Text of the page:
U of I Chancellor, AD: No Personnel Changes From Women’s Basketball Lawsuit
An outside investigation of women’s basketball at the University of Illinois’ Urbana campus has found no evidence to support claims of abuse or racism by former players. Meanwhile, Athletic Director Mike Thomas and Urbana Chancellor Phyllis Wise say there will be no personnel changes after seeing the findings by the Chicago law firm hired by the university to conduct the investigation.
But they do expect other changes within U of I women’s basketball and other sports, and some of those were in the works before the lawsuit surfaced.
Recommendations made by the firm of Pugh Jones and Johnson include giving student athletes more avenues to make their concerns heard, and having more clear standards for coaches’ conduct.
Thomas said there will also be changes in the education and training of both athletes and coaches.
“It’s things that we can do internally within our staff, and our training and education, and also bring in people from the outside who deal with this at the national level – different consultants," he said. "Some of them have already been our campus, and some are still to come. It’s a variety of things that we’ll be looking at, and I think when you combine all of them, it will only strengthen what I think is a pretty good program already.”
Thomas said all 21 sports on the U of I campus will see some of these changes.
"Once we digest these recommendations, we will also look at what of those would make sense for the total program, and a number of them do, and some of them are more isolated to the women's basketball program," he said.
Head women's basketball coach Matt Bollant is expected to issue a statment later in the week.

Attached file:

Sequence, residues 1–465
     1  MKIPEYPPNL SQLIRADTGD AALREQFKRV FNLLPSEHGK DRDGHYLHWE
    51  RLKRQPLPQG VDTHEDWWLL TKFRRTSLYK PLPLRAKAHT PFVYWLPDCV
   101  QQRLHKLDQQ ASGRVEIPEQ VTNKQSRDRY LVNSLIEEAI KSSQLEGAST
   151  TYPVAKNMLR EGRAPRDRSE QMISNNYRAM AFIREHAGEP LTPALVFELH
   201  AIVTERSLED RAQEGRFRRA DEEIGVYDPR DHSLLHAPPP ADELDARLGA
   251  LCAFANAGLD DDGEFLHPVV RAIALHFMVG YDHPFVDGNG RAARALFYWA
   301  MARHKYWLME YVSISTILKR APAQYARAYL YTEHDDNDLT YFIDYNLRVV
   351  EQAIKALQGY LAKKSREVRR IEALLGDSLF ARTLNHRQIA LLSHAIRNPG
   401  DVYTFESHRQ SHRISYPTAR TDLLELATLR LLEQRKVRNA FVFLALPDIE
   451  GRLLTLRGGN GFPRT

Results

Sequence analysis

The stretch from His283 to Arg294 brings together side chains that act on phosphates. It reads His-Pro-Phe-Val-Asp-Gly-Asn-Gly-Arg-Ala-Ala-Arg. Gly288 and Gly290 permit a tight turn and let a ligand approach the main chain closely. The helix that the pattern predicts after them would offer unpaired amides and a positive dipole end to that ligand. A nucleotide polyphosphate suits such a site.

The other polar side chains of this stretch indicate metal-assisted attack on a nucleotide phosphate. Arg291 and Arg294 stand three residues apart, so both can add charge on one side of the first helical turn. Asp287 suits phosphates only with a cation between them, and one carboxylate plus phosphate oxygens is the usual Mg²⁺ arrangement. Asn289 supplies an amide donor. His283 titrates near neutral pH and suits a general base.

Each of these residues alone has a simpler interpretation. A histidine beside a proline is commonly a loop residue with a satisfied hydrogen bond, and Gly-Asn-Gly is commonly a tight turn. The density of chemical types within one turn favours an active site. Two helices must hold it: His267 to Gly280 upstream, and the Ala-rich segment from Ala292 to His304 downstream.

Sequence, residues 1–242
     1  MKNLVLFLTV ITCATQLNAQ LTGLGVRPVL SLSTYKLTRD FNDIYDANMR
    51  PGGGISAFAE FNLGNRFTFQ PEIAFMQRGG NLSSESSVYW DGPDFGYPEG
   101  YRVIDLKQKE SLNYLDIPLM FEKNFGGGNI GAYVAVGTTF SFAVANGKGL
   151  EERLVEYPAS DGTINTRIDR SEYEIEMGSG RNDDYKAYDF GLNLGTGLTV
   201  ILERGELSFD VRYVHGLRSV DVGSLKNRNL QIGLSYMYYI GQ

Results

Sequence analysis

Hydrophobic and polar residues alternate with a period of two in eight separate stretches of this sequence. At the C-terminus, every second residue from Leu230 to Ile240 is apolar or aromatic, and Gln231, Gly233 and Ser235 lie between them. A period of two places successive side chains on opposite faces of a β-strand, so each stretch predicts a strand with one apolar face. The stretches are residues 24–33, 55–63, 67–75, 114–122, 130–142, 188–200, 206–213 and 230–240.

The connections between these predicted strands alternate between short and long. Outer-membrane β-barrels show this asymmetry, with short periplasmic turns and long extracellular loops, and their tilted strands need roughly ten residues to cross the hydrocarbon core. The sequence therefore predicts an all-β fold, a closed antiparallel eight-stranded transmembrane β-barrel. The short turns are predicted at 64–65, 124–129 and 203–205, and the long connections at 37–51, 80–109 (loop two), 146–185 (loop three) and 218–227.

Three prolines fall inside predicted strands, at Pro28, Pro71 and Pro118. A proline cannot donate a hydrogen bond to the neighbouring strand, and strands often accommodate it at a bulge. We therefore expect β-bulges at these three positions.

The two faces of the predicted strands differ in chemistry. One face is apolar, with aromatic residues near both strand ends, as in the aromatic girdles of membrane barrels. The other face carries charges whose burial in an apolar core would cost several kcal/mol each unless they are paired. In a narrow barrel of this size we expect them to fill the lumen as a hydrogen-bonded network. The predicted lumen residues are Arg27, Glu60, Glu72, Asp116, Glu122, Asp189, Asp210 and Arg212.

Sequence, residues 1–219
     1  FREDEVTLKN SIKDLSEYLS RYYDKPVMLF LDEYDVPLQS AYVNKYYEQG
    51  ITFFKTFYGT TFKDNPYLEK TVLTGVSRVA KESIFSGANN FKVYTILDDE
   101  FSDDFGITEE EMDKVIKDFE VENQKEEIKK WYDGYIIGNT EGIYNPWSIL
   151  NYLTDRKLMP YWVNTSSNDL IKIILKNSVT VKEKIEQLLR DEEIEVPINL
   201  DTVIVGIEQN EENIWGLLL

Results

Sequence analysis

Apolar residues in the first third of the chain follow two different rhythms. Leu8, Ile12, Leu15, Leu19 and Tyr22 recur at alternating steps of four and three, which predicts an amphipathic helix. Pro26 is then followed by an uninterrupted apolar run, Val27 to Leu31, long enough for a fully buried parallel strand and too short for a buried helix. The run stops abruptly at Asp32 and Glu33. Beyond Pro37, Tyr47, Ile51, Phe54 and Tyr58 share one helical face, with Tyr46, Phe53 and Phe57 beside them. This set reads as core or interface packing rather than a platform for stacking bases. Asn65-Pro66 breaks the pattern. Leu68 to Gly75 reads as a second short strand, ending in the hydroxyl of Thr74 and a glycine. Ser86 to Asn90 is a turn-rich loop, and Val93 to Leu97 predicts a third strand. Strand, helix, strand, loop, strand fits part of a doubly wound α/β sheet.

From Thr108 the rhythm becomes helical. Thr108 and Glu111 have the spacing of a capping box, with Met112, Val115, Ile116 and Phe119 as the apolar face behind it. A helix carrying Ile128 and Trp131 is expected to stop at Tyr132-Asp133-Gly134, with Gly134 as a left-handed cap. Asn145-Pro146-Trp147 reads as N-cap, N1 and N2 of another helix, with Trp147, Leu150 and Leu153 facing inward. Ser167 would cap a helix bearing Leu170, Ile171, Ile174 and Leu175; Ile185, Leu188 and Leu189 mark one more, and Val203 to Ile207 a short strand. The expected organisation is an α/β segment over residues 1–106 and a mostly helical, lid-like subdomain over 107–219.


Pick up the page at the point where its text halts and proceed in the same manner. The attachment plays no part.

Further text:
Meanwhile, the attorney for the seven former women’s basketball players who filed the $10 million lawsuit against the U of I says the Pugh report will have no effect on their legal efforts. The women allege Bolllant and former assistant Mike Divilbiss (who left the U of I around the time the lawsuit surfaced) created a racially hostile environment, holding segregated practices, and using more severe discipline for black players.
In a statement issued Monday,Terry Ekl said his clients were not expecting a “thorough, unbiased investigation” by a firm hired by the university.
"As we have have said previously, while they hoped for the best, these 7 former players had little expectation for a thorough, unbaised investigation, and the outcome of the investigation has no effect on their claims moving forward," he said. "This is why they filed suit without waiting. The only judgment as their claims that matters will be that of members of the community at a jury trial, and the former players' confidence for vindication in that setting has been and remains steadfast."